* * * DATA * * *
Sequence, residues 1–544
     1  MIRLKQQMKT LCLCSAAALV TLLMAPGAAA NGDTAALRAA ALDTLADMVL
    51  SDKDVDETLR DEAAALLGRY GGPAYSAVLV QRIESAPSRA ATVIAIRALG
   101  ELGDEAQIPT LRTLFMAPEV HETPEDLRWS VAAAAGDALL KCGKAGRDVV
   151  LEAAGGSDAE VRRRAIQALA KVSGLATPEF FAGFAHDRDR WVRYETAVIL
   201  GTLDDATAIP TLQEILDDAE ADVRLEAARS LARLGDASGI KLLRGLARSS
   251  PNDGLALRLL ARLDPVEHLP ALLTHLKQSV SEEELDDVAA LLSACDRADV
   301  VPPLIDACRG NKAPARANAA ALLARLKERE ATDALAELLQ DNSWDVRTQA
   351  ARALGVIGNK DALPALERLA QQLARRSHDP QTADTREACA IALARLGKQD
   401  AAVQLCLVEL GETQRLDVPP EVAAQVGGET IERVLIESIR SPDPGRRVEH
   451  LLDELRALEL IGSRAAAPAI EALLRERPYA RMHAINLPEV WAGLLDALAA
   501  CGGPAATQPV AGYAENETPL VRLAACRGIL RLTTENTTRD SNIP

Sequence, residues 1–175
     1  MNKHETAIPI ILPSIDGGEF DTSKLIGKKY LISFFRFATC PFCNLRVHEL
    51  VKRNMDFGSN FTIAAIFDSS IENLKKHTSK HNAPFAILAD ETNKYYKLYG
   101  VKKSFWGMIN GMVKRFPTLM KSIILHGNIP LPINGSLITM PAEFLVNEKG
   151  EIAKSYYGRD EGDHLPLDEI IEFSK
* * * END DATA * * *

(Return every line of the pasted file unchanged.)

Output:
Sequence, residues 1–544
     1  MIRLKQQMKT LCLCSAAALV TLLMAPGAAA NGDTAALRAA ALDTLADMVL
    51  SDKDVDETLR DEAAALLGRY GGPAYSAVLV QRIESAPSRA ATVIAIRALG
   101  ELGDEAQIPT LRTLFMAPEV HETPEDLRWS VAAAAGDALL KCGKAGRDVV
   151  LEAAGGSDAE VRRRAIQALA KVSGLATPEF FAGFAHDRDR WVRYETAVIL
   201  GTLDDATAIP TLQEILDDAE ADVRLEAARS LARLGDASGI KLLRGLARSS
   251  PNDGLALRLL ARLDPVEHLP ALLTHLKQSV SEEELDDVAA LLSACDRADV
   301  VPPLIDACRG NKAPARANAA ALLARLKERE ATDALAELLQ DNSWDVRTQA
   351  ARALGVIGNK DALPALERLA QQLARRSHDP QTADTREACA IALARLGKQD
   401  AAVQLCLVEL GETQRLDVPP EVAAQVGGET IERVLIESIR SPDPGRRVEH
   451  LLDELRALEL IGSRAAAPAI EALLRERPYA RMHAINLPEV WAGLLDALAA
   501  CGGPAATQPV AGYAENETPL VRLAACRGIL RLTTENTTRD SNIP

Sequence, residues 1–175
     1  MNKHETAIPI ILPSIDGGEF DTSKLIGKKY LISFFRFATC PFCNLRVHEL
    51  VKRNMDFGSN FTIAAIFDSS IENLKKHTSK HNAPFAILAD ETNKYYKLYG
   101  VKKSFWGMIN GMVKRFPTLM KSIILHGNIP LPINGSLITM PAEFLVNEKG
   151  EIAKSYYGRD EGDHLPLDEI IEFSK